Payment & Shipping Terms:
|PFM High Noble:||High Noble||Color:||According To The Customers' Requirements|
|Properties:||Good Biocompatibility||Applicable Departments:||Dental Department|
|Product Name:||Full Metal Dental Crown||Strength:||Excellent High|
PFM Dental Crown Bridge,
Biocompatibility Dental Crown Bridge,
PFM Full Metal Dental Crown
Full Metal PFM Dental Crown Bridge High Tech Biological Material
Metal Alloy Full Cast Of The Bridge Platinum And Palladium With Restorations
Costs - High noble metal alloys cost more.
The "noble" dental metals are gold, platinum and palladium.
Nowadays these metals are pricey. And the greater the percentage of them found in the composition of an alloy, the greater its cost will be.
With restorations where the overall amount of metal they contain is relatively small, the price difference between using a high-noble or base-metal alloy might be small.
But in the case where an all-metal restoration is made for a large molar, the cost difference might be significant enough to affect your decision.
Dental plan and insurance policy limitations.
If some type of dental plan is paying a part of your bill, you might check to see if there are any limitations as to the type of metal that can be used for crowns.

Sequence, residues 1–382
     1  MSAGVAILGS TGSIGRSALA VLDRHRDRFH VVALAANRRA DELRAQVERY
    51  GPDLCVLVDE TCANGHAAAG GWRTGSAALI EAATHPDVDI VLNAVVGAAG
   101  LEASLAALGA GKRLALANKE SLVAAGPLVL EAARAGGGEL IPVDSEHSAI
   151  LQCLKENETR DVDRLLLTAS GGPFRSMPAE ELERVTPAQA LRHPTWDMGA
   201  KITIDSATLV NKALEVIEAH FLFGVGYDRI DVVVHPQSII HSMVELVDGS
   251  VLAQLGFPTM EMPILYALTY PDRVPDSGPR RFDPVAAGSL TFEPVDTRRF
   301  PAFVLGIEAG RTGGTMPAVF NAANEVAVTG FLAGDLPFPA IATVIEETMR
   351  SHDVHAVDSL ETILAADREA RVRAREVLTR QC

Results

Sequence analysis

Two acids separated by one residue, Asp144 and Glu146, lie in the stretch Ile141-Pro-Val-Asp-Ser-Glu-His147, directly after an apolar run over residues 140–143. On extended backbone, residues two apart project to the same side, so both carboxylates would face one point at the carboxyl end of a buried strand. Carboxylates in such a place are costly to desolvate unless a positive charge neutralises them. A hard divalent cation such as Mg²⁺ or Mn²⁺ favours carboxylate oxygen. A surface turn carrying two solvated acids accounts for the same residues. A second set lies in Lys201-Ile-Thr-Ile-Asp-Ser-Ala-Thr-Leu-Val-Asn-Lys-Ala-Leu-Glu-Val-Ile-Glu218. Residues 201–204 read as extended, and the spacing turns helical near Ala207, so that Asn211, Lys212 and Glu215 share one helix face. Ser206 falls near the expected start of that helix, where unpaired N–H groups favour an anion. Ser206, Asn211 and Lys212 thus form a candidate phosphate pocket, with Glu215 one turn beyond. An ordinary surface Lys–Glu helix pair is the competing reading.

The policy might state that they do not cover the cost of high noble alloys. Or the level of coverage might change based on which type is used.
Color - Dental alloys can be white or yellow.
In those cases where an all-metal crown is being placed, you might have a preference as to whether it should have a yellow (like gold) or silver ("white," white gold) coloration. The alloy's composition determines its color.
Some people have metal allergies.
Studies report that about 10% of the female population and 5% of males have an allergic response to nickel, chrome and/or beryllium. These metals are often found in the composition of nonprecious (base) alloys.
The physical properties of the alloy are an important consideration.
Dentists and dental laboratories often have a set opinion about which types of dental alloys they will consider working with. This is because their goal is getting the job done right, the first time.
They know that any difficulties or problems experienced will just end up costing them money. So, if choosing a certain type of alloy makes getting a positive result more likely, then that's the one they are probably going to want to work with.
The advantages of precious dental alloys.
High noble alloys constitute the "gold standard" of dental metals. All others are compared to them.
Dentists and dental lab technicians generally prefer working with these alloys, especially those that have a high gold content. That's because:
They are the easiest to cast and polish.
Restorations made using them are known for their accurate fit on their tooth. But also, this type of alloy is relatively malleable so the fit of the restoration can be adjusted if needed.
These metals generally offer the most predictable bond with porcelain (an important consideration with porcelain-fused-to-metal restorations). (Uusalo 1987)
They offer superior corrosion resistance.
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